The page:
Quick! What’s the first thing you do after you wake up each morning (and I’m not talking about grumbling when you turn the alarm off)? You stretch.
First, let’s define it: Stretching is a form of physical exercise in which a specific muscle or tendon (or muscle group) is deliberately flexed or stretched in order to improve the muscle's felt elasticity and achieve comfortable muscle tone (tightness). The result is a feeling of increased muscle control, flexibility, and range of motion. Stretching is also used therapeutically to alleviate cramps.
To put it another way, Stretching increases range of motion and flexibility by lengthening soft tissues such as muscles and ligaments. It promotes fluid movement during athletic performance, decreases soreness, and minimizes injury. Stretching or flexibility training should be based on the individual needs and physical demands of the athlete’s activities.
There are three kinds of stretching:
- Static (holding the stretch),
- Dynamic (stretching through a range of motion),
- Proprioceptive Neuromuscular Facilitation (PNF), where the muscle is passively stretched, then the muscle is contracted, then stretched further.
Static and dynamic stretching are the two most common forms seen. Static stretching is a more stationary stretch, where one will hold a stretch for a certain duration of time without moving. This will give the muscles a more intense and deeper stretch when compared to dynamic. Dynamic stretching is a movement based stretch aimed on increasing blood flow throughout the body while also loosing up the muscle fibers for the movements you are about to perform.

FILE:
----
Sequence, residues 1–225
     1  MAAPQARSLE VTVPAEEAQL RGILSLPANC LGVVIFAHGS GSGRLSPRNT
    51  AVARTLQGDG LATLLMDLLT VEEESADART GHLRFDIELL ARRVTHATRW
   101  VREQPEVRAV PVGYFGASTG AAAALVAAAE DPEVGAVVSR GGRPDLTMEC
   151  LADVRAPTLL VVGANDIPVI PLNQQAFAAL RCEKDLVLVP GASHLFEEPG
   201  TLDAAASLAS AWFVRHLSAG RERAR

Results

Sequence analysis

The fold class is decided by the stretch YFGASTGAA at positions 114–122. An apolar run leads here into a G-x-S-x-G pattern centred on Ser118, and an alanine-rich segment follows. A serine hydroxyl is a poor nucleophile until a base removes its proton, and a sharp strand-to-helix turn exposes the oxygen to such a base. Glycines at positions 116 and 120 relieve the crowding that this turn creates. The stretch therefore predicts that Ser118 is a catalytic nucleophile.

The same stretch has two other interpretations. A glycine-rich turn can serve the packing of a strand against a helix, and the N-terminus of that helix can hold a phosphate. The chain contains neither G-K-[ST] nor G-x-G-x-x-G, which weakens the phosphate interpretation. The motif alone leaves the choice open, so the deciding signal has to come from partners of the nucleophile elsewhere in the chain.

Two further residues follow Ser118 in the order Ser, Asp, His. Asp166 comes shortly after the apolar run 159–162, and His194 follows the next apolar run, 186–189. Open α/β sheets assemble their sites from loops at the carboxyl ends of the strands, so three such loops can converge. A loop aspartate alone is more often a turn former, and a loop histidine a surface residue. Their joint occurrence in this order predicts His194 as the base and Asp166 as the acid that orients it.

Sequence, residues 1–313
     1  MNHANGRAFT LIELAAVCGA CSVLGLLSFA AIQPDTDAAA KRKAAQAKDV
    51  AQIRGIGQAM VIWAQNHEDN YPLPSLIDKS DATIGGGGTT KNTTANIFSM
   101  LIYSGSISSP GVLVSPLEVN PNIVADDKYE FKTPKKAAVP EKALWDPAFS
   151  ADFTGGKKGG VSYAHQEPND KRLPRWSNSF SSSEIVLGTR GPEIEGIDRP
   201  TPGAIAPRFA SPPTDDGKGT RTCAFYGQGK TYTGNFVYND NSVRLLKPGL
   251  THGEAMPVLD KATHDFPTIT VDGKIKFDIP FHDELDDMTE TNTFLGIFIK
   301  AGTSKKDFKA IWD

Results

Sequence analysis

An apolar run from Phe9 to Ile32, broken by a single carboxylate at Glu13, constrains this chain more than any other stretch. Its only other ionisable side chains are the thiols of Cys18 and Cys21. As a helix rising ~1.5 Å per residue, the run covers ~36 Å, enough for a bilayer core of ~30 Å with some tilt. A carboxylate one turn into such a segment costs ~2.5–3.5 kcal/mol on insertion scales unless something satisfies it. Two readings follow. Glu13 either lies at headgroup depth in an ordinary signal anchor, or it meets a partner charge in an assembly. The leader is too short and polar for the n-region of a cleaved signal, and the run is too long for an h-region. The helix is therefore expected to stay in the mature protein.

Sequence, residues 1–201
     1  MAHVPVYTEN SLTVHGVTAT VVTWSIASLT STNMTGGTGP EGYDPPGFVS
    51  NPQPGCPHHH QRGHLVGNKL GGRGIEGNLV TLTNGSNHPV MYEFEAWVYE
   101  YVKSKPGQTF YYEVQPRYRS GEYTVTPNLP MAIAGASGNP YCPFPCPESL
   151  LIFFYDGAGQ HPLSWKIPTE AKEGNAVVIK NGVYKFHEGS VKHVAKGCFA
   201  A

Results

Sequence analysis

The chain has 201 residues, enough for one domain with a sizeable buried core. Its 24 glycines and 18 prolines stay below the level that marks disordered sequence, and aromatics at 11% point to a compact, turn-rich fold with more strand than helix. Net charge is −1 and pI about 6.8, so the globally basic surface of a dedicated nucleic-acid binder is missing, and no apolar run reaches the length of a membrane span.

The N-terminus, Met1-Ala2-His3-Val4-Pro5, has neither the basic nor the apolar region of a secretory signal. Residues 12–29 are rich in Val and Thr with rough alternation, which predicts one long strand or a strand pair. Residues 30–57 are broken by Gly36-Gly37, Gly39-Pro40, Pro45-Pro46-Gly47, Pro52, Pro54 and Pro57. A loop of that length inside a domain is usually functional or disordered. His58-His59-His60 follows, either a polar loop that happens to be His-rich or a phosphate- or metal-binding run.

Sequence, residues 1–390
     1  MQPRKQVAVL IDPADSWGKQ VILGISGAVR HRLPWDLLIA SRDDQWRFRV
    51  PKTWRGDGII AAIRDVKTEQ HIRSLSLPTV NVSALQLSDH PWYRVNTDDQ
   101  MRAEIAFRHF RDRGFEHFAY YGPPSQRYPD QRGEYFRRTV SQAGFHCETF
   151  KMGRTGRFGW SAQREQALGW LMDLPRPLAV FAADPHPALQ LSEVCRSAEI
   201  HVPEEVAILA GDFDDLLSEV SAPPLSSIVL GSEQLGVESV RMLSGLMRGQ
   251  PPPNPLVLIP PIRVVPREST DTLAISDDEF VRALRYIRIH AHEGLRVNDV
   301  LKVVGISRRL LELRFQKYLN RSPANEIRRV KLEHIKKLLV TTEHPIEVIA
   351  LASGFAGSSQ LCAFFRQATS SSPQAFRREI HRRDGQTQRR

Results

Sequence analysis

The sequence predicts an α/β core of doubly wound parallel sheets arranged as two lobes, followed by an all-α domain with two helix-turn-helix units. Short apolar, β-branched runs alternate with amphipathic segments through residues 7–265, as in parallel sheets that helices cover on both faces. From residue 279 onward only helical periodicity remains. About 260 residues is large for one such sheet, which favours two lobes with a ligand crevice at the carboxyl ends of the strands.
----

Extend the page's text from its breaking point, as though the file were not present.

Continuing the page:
In preparation for physical activity, it is best to perform dynamic stretches beforehand, focusing on movement patterns that replicate or mimic the movements of the activity you are about to perform. For example, if you are about to play basketball, which requires a lot of running, jumping, bending, rotating, and extending, along with backward and lateral movements, you should do more than simply jog on a treadmill to warm up. Dynamic movements like high knees, lunge with a twist, lateral steps, tuck jumps, jogging backward, jumping jacks, and quick feet are some examples of activity-specific movement patterns that prepare your body appropriately.
After you finish that activity, static stretching is beneficial. This allows the worked and repeatedly contracted muscles to elongate back to their appropriate length and tone. It should be used as part of a cool down routine to help prevent injury. Using static stretching as a maintenance stretching program will also help reduce your risk of injury.
Here are some examples of Dynamic Stretches:
Here are some examples of Static Stretches:
Rear Shoulder Stretch